Buying a Cheap Ukulele for a Beginner: What the Beginner Needs to Know
If you’re a beginner ukulele buyer without a lot of money and looking at buying a cheap ukulele, or you’re just not 100% certain about coughing up a lot of cash for a new musical pursuit, then you’re probably thinking about buying a ukulele that isn’t going to be too hard on the pocket.
In spite of not wanting to outlay too much cash at the start, your still going to be expecting something that is going to produce a pleasant sound, and most importantly, is going to last you until you can afford a more expensive model.
Only Fools Rush in.
This is not always a bad idea, but you should bear in mind that all low priced ukuleles are not created equal, so it’s best to understand more about the options in advance of making a purchase and not rushing into something that you may regret at a later stage.
Little More Than Toys
It will be in your interest to remember, that before buying something that’s really cheap, in most circumstances, you will get what you pay for. Near the bottom end of the spectrum you’ll find instruments that are really little more than toys. Most of these cheap ukuleles often have such a large number of problems that they shouldn’t be considered bona fide ukuleles.
High or Low Action?
Ukuleles, in this particular budget range, tend to have high or low action (the action is the gap between the uke’s strings and the frets). Low action may cause buzz, and very high action causes problem playing notes and chords. Very cheap ukuleles will often have uneven frets which may cause incorrect notes to be played.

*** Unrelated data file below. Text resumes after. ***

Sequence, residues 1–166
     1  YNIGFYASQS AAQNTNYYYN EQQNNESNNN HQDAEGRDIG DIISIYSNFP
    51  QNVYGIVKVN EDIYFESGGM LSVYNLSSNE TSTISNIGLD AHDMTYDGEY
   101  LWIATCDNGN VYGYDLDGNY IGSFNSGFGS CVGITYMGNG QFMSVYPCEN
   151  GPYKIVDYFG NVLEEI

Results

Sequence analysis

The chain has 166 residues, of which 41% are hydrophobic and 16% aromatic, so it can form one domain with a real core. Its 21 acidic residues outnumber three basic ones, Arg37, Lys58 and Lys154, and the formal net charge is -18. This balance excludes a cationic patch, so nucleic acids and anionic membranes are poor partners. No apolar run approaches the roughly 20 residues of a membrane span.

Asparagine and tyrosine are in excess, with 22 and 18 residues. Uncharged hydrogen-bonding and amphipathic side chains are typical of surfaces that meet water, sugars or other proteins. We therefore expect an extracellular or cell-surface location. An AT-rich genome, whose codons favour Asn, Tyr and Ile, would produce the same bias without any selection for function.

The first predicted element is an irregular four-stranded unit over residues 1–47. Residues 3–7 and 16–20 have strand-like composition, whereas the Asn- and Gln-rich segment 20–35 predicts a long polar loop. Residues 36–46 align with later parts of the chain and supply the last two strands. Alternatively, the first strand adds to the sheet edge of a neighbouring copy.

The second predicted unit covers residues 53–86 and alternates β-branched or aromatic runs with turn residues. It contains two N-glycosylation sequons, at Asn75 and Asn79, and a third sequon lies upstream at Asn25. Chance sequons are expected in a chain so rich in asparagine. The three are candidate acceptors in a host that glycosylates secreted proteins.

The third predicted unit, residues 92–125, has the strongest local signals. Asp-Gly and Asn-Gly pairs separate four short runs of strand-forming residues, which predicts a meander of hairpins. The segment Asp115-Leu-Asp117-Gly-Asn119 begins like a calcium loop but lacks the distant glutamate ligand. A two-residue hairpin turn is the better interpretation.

Beware Substandard Instruments
Attempting to play a substandard musical instrument is especially irritating for beginning players, and that’s why I suggest looking for slightly more expensive ukulele which is reasonably playable and will offer you a better experience.
In the twenty dollar range you can purchase a Mahalo, which is actually a pretty nice ukulele for just a few extra bucks.
Mahalo ukes are decent enough that you will be able to learn to play without worrying about being kept back because of construction problems.
The Mahalo U-30 is ideal in case you simply want a spare uke to use on trips or if you are shopping for little ones. Nonetheless, if you are able to shell out a bit more I would definitely encourage considering a Makala ukulele.
The Makala Uke
Makala ukes are the budget series of ukuleles made by the Kala company. This ukulele company has a rather long reputation for producing very sound starter ukuleles, and the Makala brand maintains that reputation.
The reason that Makala ukes are less expensive than Kala’s various other ukuleles is not due to a reduction in the quality of the craftsmanship, but instead because they use less costly materials.
Makala ukuleles are built with less costly wood, hardware, and strings compared to their costlier counterparts. Granted, these cutbacks contribute to a slightly less rich sound, but the playability will be on par with their more expensive ukes.
While a Makala ukulele will surely cost somewhat more compared to a Mahalo, Makala ukuleles are still pretty cheap and come in at around $50.
If you can shell out a tad bit more I propose looking into a Lanikai LU-21C and also the Kala entry level ukuleles. These ukuleles are around $100, and I believe they may be the most suitable uke for the budding beginner available in today’s market.